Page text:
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Dagomba culture is one of the most influential in Ghana – Mohammed Alidu




Internationally acclaimed percussionist and composer, Mohammed Alidu, has said that the Dagombas in the Northern Region of Ghana possess a vibrant culture that must be showcased and celebrated at all times.

According to him, Dagomba culture has deeply permeated customs and lifestyles of people from other parts of the country and Dagombas must cherish their heritage as one of the means for development.

“Our lunga talking drum, for instance, is used in Akan music such as Kete and Adowa, which they call dondo. The gungan drum is used by the Ewe where it is known as brekete. Dagomba traditional music and dance form a big part of the repertoire that the National Dance Company and other national groups perform to represent Ghana abroad,” Alidu said.

He was speaking in the lead-up to a traditional music festival being organized by the Tamale-based Bizung School of Music and Dance (BSMD) in collaboration with the Playing for Change charity, scheduled for Saturday, July 31 at the Dakpema chief’s palace in Tamale.

Artistes billed to perform at the event include Mohammed Alidu, Abu Sadiq, Aaron Bebe and Samuel Addo. Others are singers Nana Ama, Awurama and Iskhadi, the Tamale Youth Home Cultural Group, Tahama Dance Group and the BSMD Dance Ensemble.

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Alidu runs the BSMD. He is a descendant of a long line of master talking drum players known as the ‘Bizung’ that have lived in the Tamale area for centuries. The BSMD was named in honour of his family.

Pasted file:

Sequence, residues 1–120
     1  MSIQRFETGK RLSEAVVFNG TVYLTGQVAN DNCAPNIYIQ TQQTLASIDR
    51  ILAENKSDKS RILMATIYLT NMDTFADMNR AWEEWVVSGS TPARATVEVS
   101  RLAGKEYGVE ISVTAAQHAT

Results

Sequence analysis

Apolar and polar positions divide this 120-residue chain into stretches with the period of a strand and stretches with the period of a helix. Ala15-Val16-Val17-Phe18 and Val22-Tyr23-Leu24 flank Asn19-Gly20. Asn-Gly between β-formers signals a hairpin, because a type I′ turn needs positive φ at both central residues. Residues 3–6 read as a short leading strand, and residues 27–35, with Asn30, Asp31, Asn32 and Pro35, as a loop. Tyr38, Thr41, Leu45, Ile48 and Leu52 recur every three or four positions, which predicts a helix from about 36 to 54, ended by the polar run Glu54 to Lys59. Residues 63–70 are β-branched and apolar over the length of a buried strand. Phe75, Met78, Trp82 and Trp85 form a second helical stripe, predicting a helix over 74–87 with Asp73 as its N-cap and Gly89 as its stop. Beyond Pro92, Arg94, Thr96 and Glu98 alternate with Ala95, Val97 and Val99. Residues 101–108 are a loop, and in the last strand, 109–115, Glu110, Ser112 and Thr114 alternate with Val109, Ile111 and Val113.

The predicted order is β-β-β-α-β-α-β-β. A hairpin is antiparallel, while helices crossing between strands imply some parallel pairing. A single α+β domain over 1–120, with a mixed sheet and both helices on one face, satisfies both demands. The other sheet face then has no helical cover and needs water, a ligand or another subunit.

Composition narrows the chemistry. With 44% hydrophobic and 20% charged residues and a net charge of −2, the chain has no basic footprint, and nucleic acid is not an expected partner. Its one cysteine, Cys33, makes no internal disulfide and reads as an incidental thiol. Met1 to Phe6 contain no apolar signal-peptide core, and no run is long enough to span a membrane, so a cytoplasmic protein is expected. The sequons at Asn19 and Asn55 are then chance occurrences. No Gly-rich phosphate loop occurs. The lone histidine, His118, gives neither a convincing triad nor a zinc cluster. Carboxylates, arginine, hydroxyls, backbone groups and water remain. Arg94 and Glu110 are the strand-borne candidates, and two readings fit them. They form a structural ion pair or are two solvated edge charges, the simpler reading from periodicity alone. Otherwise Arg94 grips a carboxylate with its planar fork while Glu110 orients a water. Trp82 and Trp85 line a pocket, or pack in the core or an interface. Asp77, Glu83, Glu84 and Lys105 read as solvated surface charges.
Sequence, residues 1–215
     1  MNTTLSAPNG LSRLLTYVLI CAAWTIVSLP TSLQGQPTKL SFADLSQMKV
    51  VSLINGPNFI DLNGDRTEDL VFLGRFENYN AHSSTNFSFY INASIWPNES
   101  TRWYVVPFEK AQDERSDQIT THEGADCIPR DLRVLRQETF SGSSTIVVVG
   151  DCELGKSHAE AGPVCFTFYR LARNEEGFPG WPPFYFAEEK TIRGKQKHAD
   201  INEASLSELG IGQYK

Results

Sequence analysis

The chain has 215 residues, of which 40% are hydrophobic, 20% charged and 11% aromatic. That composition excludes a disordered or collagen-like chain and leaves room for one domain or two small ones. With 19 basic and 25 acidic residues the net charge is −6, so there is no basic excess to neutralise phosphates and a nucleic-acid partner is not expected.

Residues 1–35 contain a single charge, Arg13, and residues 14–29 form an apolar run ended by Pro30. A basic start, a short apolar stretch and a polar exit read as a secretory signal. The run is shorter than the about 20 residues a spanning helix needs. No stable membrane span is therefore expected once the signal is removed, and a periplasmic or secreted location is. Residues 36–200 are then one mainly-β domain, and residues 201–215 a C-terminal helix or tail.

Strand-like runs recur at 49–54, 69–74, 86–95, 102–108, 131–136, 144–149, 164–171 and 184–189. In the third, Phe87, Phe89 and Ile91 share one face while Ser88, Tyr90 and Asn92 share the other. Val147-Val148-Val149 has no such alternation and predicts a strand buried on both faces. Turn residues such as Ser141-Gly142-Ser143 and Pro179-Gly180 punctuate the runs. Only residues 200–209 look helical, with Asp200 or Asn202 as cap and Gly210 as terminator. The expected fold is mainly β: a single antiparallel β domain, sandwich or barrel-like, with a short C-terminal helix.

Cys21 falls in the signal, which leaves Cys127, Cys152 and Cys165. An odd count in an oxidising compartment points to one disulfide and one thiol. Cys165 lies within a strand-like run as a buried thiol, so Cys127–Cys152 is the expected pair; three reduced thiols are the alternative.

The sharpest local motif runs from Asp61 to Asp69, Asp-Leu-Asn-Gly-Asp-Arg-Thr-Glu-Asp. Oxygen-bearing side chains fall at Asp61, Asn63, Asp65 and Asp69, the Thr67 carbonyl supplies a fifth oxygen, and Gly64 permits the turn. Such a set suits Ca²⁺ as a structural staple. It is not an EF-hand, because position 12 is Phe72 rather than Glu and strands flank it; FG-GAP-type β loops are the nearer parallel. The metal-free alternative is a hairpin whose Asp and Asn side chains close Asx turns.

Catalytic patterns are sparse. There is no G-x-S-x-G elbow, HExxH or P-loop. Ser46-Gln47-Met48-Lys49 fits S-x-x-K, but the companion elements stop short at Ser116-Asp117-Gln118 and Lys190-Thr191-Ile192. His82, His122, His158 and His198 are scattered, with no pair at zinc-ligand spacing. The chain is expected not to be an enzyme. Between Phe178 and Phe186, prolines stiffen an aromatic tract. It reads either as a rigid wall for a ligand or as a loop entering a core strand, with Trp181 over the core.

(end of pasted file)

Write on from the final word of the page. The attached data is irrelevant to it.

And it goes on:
The widely-travelled percussionist pointed out that though the upcoming event is tagged ‘traditional music festival,’ there will be repertoire that show extensions of Dagomba music in contemporary settings.

“We will definitely have the traditional music represented there in its most authentic form, but we will also feature music that takes the Dagomba culture as the main influence in popular music. Abu Sadiq, for instance, will perform reggae but sung in Dagbani.

“My group will feature Dagomba traditional instruments, rhythms, and songs mixed with conventional drum set, electric bass, guitar and keyboard. There is a lot of room to develop this kind of fusion with Dagomba music for artists in the future because there is a great diversity of rhythms and dances in the Northern Region that have not been used in popular music yet.”

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The Playing For Change outfit which is partnering the Bizung School of Music and Dance as the festival organisers, was born in 2002 as a shared vision between co-founders, Mark Johnson and Whitney Kroenke. The idea for the project came from a common belief that music has the power to break down boundaries and overcome distances between people.

Through its worldwide travels, the Playing For Change crew has inspired many eminent musicians they have met on their journeys to form the Playing For Change Band. Alidu has been performing with the Playing For Change Band since 2009.

Apart from being with the Playing For Change Band, Alidu has also recorded material under his own name. His key aim is to help elevate Ghanaian traditional music to levels enjoyed by discerning music lovers all over the world.

Invitees to the concert at the Dakpema chief’s palace include officials from the Northern Development Agency; the Ministry of Tourism, Arts and Culture; the Centre for National Culture and the TAMA Foundation.

The concert is sponsored by the Playing for Change Foundation as well as the Dakpem Demanaa and the Sandinnaa of Tamale.

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